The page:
What does the start of SJS look like?

What does the start of SJS look like?

Stevens-Johnson syndrome is usually caused by an unpredictable adverse reaction to certain medications. It can also sometimes be caused by an infection. The syndrome often begins with flu-like symptoms, followed by a red or purple rash that spreads and forms blisters. The affected skin eventually dies and peels off.

Can you have a mild case of Stevens-Johnson syndrome?

Skin and mucous membrane involvement initially can be mild or it can rapidly progress. Some individuals may have severe skin symptoms and mild mucosal involvement while others have mild skin involvement and severe mucosal symptoms.

What mimics Stevens-Johnson syndrome?

Vesiculo-bullous diseases such as pemphigus vulgaris, erosive lichen planus, and varicella zoster may mimic SJS.

How fast does SJS spread?

Within about 1 to 3 days, a red or purplish rash forms, and then the skin begins to blister and peel, leading to “raw” areas of skin that are painful. This often starts on the face and then spreads to other parts of the body.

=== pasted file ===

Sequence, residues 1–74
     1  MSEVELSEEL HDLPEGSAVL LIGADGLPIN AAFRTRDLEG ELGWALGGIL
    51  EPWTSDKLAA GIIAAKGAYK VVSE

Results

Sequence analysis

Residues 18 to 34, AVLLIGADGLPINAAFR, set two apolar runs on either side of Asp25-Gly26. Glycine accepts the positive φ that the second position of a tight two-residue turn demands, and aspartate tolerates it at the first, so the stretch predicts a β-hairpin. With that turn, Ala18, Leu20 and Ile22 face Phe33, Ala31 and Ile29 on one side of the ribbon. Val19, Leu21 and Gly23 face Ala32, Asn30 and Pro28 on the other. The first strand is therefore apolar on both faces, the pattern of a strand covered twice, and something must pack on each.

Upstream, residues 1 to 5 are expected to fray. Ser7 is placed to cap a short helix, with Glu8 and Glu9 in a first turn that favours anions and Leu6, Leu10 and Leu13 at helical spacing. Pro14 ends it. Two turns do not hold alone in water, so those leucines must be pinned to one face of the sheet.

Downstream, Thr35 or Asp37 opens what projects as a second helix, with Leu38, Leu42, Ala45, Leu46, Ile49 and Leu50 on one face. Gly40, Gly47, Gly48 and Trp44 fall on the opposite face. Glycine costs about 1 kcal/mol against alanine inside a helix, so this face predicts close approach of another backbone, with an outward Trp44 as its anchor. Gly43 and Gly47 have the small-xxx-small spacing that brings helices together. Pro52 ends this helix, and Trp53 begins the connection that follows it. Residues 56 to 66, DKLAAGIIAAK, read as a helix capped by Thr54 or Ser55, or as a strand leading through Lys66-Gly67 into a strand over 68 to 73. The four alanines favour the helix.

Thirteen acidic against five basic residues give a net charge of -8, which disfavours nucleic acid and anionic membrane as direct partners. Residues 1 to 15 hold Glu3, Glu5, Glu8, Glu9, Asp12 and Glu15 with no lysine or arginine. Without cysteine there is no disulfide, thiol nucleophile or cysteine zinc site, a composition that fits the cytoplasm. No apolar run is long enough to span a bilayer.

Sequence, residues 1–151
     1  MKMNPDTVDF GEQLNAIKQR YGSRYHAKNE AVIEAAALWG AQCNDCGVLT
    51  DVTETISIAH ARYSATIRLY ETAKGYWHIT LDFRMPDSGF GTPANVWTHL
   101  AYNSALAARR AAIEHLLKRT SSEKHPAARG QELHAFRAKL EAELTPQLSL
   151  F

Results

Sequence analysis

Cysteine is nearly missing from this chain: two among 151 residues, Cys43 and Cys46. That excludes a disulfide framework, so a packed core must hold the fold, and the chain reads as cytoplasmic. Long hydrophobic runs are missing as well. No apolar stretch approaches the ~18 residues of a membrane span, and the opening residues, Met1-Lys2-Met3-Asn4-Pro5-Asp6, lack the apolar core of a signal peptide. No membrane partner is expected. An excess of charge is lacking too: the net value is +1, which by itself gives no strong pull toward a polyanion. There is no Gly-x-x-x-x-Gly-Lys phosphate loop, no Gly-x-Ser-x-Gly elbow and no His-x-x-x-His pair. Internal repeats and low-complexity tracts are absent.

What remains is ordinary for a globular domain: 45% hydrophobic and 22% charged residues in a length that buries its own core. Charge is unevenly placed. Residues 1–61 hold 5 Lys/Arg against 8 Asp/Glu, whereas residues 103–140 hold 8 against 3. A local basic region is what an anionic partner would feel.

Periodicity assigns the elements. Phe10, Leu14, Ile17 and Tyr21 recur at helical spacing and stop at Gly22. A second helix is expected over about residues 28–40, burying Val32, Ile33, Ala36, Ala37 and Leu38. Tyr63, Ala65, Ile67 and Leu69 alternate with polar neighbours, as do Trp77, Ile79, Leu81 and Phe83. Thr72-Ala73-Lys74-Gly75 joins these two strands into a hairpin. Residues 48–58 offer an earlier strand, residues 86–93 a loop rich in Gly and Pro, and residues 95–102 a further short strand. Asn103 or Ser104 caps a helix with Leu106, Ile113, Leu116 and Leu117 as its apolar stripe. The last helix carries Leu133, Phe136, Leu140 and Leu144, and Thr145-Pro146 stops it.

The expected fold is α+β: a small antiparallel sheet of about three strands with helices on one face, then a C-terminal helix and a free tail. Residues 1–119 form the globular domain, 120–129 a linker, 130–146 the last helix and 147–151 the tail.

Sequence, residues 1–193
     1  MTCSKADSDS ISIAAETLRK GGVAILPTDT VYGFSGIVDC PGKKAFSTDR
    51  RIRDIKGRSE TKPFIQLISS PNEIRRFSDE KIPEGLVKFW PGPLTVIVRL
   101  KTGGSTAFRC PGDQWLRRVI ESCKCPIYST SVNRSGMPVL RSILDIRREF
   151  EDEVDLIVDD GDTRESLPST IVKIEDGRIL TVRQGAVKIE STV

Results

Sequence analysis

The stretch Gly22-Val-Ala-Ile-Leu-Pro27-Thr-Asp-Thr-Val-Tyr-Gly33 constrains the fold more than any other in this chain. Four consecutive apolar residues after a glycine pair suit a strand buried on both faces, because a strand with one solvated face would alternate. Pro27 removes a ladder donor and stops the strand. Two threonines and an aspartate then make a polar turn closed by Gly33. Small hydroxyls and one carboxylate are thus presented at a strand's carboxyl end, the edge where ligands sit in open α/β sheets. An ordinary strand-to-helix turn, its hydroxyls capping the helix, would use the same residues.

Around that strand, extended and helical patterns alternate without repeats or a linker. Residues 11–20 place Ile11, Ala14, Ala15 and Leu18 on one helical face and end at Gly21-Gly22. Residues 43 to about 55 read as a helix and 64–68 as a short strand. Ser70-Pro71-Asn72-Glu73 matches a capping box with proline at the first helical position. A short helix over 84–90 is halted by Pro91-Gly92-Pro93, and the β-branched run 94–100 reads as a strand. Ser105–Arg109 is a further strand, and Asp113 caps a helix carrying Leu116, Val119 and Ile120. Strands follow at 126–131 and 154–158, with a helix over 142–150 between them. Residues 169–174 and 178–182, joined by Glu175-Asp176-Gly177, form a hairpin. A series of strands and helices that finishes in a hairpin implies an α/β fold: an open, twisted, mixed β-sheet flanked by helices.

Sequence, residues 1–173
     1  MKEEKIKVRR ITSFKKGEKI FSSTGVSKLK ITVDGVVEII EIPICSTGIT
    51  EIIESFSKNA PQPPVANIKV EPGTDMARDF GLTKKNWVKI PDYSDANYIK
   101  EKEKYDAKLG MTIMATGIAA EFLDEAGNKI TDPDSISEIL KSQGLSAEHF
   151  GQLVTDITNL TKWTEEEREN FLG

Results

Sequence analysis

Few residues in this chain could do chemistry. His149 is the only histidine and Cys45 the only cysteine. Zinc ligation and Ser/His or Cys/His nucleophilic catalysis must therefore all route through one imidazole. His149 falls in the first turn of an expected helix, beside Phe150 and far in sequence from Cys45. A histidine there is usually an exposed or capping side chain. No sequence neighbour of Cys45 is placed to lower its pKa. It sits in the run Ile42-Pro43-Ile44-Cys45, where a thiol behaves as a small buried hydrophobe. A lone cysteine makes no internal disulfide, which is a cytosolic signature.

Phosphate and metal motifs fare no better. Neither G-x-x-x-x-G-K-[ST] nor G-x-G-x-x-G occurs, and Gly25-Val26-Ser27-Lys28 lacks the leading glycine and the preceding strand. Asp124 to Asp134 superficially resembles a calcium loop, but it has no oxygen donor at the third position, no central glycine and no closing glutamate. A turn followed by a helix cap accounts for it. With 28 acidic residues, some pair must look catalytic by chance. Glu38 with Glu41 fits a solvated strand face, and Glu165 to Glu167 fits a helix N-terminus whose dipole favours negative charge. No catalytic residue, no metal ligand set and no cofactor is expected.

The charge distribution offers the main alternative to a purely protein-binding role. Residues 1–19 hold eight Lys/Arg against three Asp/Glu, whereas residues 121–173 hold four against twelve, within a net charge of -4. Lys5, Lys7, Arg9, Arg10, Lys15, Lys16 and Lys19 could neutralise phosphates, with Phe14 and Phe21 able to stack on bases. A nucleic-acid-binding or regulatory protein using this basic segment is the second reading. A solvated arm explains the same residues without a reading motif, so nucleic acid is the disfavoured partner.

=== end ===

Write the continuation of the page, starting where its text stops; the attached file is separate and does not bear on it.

Can amoxicillin cause Steven Johnson Syndrome?

There have also been several other previous reports linking amoxycillin and clavulanic acid to Stevens-Johnson syndrome. According to Naranjo Adverse Drug Reaction Probability Scale, amoxycillin and clavulanic acid induced SJS was possible in our patient (a score of 4).

How long does it take for Stevens-Johnson syndrome to show up?

If your case of SJS is caused by a drug, symptoms appear about one to three weeks after you start taking medication. The flu-like illness (fever, cough and headache, skin pain) is followed first by a rash and then peeling. In the case of TEN, some people even lose hair and nails.

How long does it take for Steven Johnson syndrome to go away?

Stevens-Johnson syndrome is a medical emergency that usually requires hospitalization. Treatment focuses on removing the cause, caring for wounds, controlling pain and minimizing complications as skin regrows. It can take weeks to months to recover.

Is SJS an emergency?

SJS/TEN. Stevens-Johnson syndrome (SJS) is a life-threatening skin condition that exists on a spectrum of severity. It begins with a prodrome of high-grade fever, flu like symptoms, skin tenderness and blistering.

What is the survival rate for Stevens-Johnson syndrome?

About 10 percent of people with Stevens-Johnson syndrome die from the disease, while the condition is fatal in up to 50 percent of those with toxic epidermal necrolysis.